Things aren't so rational in the other two cases:

• In case 3, we have a kind of paranoia: The risk is objectively low, but the public's (or the organization's) assessment of risk is (wrongly) high. Example: In the summer of 1975, the movie Jaws is released. Beachgoers across the country are afraid to go in the water. The public has persuaded itself that everyone in the ocean is at serious risk, even though there were no more shark attacks than before the movie's release.Text messaging while driving – there's a documented greater risk of serious accident when texting while driving, but large numbers of people continue to do so, falsely believing that the risk of their being involved in an accident is low.

• In case 4, we have a kind of delusion: There is a very real, high level of serious risk, but it goes largely ignored because almost no one affected believes it. Example:

Problems occur whenever security reality and security feelings are not closely aligned. This can happen both at the national level and within commercial organizations. Consider a common case: The information assurance (IA) staff have concluded that certain risks are medium to high and have proposed policy changes and/or infrastructure changes to address them. Changing policy or procuring or upgrading infrastructure generally costs money and requires resources. Senior management may not be convinced this is necessary: their feeling is that the described risks are low. A disconnect has occurred.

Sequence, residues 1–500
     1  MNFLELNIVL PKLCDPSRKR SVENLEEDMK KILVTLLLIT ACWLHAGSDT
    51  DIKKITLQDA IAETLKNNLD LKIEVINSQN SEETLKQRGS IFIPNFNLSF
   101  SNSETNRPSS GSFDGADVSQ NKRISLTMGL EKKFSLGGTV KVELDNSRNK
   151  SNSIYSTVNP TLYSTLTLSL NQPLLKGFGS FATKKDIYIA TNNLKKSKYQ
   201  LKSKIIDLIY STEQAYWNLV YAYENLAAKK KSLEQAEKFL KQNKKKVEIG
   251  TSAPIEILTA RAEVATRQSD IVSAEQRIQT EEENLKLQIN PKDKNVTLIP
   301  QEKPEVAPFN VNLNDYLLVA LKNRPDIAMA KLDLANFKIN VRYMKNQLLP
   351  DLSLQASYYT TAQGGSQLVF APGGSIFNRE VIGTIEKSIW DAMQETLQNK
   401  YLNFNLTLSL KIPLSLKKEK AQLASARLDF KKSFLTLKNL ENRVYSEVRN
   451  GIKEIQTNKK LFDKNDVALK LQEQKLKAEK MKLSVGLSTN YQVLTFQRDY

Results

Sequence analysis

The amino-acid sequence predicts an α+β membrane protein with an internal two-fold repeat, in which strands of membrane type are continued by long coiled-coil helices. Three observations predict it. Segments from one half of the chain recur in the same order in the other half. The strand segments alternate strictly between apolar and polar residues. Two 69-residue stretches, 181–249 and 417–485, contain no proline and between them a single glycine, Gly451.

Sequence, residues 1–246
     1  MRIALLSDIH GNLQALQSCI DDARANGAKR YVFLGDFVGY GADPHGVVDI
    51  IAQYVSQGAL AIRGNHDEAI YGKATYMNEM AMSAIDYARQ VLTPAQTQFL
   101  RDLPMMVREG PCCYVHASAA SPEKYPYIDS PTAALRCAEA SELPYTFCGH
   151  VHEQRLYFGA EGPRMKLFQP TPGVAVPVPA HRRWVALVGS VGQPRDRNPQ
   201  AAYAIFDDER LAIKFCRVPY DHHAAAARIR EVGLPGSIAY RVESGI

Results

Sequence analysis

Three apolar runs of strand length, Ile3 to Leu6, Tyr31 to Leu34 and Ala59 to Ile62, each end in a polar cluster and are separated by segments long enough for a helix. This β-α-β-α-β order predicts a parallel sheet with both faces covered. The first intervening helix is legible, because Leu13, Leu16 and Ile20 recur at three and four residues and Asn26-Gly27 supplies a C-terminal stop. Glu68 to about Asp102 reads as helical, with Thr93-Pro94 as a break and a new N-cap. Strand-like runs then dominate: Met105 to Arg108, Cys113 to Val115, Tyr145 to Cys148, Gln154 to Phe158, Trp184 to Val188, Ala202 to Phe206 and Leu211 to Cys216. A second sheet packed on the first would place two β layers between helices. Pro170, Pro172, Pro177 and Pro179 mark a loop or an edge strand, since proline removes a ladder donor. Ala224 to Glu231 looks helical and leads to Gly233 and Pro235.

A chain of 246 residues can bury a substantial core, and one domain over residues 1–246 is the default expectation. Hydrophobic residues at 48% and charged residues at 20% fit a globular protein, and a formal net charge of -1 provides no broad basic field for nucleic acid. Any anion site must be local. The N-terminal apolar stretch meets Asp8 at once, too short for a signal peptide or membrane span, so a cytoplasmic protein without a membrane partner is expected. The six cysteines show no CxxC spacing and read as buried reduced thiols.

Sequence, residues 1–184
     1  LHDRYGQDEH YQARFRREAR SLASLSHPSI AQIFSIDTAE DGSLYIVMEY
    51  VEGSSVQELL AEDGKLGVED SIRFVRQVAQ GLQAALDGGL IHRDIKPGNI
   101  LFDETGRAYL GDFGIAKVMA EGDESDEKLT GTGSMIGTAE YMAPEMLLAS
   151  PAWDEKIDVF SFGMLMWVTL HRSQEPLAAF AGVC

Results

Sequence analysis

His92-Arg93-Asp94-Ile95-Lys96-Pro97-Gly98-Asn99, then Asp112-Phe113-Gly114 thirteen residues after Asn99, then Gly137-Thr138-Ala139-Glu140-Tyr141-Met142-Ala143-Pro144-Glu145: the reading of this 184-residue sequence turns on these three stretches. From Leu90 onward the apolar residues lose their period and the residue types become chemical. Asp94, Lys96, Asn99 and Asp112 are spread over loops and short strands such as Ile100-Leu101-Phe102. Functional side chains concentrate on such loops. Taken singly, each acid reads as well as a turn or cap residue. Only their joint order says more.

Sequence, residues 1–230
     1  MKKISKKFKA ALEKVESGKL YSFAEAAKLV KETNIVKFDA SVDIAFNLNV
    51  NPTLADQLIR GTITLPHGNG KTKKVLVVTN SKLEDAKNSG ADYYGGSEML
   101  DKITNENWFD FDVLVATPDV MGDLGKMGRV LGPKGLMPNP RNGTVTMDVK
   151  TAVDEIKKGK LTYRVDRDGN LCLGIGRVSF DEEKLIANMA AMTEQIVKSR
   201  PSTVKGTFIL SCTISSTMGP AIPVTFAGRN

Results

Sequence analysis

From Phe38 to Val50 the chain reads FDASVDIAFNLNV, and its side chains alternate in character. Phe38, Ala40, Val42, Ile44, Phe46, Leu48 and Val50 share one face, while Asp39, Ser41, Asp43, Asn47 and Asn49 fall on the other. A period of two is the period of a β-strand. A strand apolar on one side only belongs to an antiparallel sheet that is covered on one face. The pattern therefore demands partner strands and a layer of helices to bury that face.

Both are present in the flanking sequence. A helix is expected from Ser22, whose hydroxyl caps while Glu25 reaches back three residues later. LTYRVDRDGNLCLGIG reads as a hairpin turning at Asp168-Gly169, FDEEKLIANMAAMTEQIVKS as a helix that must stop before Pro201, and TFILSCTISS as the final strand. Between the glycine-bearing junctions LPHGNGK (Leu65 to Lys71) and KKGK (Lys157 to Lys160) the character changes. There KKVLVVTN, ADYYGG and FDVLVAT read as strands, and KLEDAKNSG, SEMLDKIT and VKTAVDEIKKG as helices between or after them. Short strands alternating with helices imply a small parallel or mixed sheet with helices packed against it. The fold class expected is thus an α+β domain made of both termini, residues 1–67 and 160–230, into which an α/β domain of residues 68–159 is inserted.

What can IA staff do when this happens?

The first step is to recognize what may be going on: We think there's a medium to high level risk, and they don’t agree. Before moving on to what step two might be, IA needs to break out of the we/they framework and realize that everyone is on the same team, even though everyone doesn't always agree on what the next play should be. So let's assume that this conceptual block is overcome: IA updates its presentation and its language and management agrees with the risk evaluation.

Step two is to recheck the risk assessment. If IA is going to promote its views as reality, there better be some objective basis. Has a third-party assessment been performed? Has internal and/or external audit weighed in? Has the human resources group been consulted? Has the legal department been asked about the relevant regulations? Have prior security incidents been thoroughly understood? Has a more quantitative approach to risk assessment been considered? Do other companies in the same industry also assess the risk as medium to high?